She cites McClain’s Douglass residence as one possible motivating factor. “[Tony] was living somewhere that they had a problem with,” she says, imagining a scenario where the defendants thought, “‘He’s probably one of them dudes that hang out with so and so. Let’s get him.’ It’s just ridiculous. It’s all for nothing.”

Screenshot of McClain’s job-seeking profile on hospitality industry site Harri.


A prosecution document called the People’s Voluntary Disclosure Form outlines 10 statements Jashawn Gorham purportedly made in the hours following his arrest. From 1:25 p.m. until 8 p.m., he asks mainly about charges and says he doesn’t want to answer questions.

But at 9:43 p.m., presumably after being informed that McClain had died, Gorham appears to begin making a rambling confession that continues into the following day.

“He’s dead right now? We were just fooling. I know him, not his name or nickname… I don’t know if he lives in Douglass. He was grilling us and he said something. We just started fighting… We fought him and I stabbed him.”

Gorham appears to contradict himself several times as to whether he knew McClain.

“I never saw him in the past… I fought him a long time ago when I was 16…he beat me up, a black eye. Today, just bumped into him… We saw somebody I used to fight. I don’t know him. I fought him a year ago…I recognized his face.”

According to Gorham’s alleged statements, he and Montgomery had been together at the High School of Economics and Finance, but left after lunch. The two took the 2 train to 96th Street and went to a store in search of fruit roll-ups.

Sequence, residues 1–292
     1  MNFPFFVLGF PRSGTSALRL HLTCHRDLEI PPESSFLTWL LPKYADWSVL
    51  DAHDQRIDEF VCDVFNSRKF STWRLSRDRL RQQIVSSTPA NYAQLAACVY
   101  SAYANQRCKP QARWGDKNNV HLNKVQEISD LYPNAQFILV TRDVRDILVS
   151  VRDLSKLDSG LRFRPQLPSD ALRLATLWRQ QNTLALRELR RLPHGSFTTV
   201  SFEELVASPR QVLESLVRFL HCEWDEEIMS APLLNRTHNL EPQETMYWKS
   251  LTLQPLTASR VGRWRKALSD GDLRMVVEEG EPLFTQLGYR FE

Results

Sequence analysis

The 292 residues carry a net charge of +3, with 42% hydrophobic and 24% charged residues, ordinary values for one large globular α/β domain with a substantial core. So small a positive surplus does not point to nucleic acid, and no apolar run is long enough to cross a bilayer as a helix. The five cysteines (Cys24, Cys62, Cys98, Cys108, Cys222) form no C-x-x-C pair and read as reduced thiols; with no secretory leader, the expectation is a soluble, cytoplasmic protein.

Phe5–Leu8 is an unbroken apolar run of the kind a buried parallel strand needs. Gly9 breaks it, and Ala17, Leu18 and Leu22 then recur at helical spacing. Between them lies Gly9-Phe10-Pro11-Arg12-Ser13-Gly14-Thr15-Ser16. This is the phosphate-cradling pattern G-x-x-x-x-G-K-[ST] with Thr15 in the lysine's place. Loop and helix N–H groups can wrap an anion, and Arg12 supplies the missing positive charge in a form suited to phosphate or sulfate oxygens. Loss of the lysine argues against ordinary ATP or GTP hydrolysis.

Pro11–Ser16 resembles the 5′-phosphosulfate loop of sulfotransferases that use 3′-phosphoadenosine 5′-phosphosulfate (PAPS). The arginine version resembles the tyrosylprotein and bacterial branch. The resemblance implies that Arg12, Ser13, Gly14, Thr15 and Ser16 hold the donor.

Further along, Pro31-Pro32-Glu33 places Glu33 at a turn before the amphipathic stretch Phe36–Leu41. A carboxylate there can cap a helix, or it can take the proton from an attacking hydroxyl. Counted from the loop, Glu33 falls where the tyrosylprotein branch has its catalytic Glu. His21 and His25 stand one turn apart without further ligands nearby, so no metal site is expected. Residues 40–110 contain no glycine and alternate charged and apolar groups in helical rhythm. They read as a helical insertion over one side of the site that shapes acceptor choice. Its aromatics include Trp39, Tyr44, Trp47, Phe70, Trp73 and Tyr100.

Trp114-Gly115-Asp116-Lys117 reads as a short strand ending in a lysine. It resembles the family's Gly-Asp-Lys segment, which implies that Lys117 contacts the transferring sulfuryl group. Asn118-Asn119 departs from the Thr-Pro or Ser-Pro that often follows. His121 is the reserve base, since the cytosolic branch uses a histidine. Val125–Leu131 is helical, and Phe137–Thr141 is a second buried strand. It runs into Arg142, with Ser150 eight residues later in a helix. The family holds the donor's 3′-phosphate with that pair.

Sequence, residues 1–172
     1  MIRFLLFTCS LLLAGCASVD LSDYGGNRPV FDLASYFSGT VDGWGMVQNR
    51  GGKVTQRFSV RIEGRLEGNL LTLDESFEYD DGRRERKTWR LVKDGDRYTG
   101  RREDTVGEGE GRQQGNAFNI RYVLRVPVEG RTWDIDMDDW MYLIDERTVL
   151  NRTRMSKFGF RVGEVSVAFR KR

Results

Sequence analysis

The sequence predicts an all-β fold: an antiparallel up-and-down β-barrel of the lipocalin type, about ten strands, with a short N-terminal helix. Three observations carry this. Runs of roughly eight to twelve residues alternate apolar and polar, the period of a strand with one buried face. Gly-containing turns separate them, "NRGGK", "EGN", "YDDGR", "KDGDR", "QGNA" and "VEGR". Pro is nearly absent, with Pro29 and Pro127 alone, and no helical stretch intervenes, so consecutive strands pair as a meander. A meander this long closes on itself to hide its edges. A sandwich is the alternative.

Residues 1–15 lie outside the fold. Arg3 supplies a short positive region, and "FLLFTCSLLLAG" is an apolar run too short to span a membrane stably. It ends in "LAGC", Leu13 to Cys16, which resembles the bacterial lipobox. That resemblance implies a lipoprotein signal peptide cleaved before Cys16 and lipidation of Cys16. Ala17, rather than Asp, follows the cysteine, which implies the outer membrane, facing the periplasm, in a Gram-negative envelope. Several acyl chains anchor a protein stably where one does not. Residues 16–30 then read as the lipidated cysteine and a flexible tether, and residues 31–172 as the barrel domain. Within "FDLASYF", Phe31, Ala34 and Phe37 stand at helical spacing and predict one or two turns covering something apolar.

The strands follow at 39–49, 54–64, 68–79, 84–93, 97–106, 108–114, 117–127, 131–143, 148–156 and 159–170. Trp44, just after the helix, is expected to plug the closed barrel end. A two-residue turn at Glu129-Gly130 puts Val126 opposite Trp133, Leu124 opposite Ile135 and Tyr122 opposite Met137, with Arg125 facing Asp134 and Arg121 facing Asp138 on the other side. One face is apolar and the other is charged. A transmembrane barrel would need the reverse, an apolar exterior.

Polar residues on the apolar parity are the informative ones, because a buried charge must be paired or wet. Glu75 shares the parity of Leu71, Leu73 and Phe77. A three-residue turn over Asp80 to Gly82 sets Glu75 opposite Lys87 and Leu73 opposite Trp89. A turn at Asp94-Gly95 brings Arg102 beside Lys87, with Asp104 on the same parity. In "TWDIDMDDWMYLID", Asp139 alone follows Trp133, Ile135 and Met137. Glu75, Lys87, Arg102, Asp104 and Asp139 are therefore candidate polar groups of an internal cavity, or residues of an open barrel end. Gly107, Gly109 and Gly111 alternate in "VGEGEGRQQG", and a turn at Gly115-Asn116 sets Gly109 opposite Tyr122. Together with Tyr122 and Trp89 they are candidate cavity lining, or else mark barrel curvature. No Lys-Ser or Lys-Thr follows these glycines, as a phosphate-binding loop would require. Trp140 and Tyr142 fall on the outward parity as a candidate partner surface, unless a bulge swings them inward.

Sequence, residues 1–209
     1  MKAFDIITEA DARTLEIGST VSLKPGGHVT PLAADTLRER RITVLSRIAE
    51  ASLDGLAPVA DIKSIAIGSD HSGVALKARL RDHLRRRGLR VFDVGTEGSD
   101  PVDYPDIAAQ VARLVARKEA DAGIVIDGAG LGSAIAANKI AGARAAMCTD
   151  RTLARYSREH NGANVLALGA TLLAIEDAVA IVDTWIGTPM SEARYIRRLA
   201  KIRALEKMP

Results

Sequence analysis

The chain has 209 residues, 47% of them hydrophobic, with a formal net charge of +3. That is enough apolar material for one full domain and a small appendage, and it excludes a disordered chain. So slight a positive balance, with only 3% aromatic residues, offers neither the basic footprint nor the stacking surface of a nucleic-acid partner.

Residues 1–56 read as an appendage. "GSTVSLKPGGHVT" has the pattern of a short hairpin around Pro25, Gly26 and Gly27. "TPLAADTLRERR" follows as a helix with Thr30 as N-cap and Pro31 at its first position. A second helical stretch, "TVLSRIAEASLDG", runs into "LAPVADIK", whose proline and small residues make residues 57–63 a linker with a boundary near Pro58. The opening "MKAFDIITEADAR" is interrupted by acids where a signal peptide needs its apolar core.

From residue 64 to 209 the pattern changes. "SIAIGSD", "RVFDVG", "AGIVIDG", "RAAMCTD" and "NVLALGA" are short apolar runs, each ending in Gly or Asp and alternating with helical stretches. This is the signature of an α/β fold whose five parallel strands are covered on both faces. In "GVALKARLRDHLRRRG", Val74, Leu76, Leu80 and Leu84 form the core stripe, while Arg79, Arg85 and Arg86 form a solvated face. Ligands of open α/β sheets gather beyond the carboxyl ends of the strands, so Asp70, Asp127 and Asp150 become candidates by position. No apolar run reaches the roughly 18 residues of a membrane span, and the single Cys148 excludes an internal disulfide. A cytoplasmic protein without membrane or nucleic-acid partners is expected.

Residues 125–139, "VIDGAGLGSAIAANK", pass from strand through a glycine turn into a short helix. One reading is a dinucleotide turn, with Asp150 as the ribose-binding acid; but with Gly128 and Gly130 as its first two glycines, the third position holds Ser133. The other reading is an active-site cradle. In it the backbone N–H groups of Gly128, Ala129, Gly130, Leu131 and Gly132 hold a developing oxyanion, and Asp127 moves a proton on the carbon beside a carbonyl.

Afterward, “The guy [McClain] saw us and he swung at us. I don’t know if Brighton swung, only knew I and the guy was fighting. I forgot where the guy was hitting me. I didn’t get hurt. I stabbed him once. I really didn’t know it went into him. The knife slipped out of my hand until I saw it inside him. I was like oh. The guy took it out of himself and tried to stab me and that’s when I started running, we ran.”

“It was just a fist fight. I don’t know why. I don’t know why I pulled out a knife. It was just a reaction. I thought he had something.”

Wilfredo Sta. Ana, Gorham’s defense attorney, did not respond to WSR’s emailed questions about the case.

Court documents indicate Sta. Ana will be pursuing a lack of mens rea defense. One defense motion states Gorham did not act with “the requisite intent to cause the death of Tony McClain.” Although he allegedly confessed to stabbing McClain, Gorham “vomited numerous times inside the 24th Precinct upon learning of Mr. McClain’s death” and “communicated his lack of intent to kill Tony McClain when he told law enforcement, ‘I didn’t know it would lead to this.’”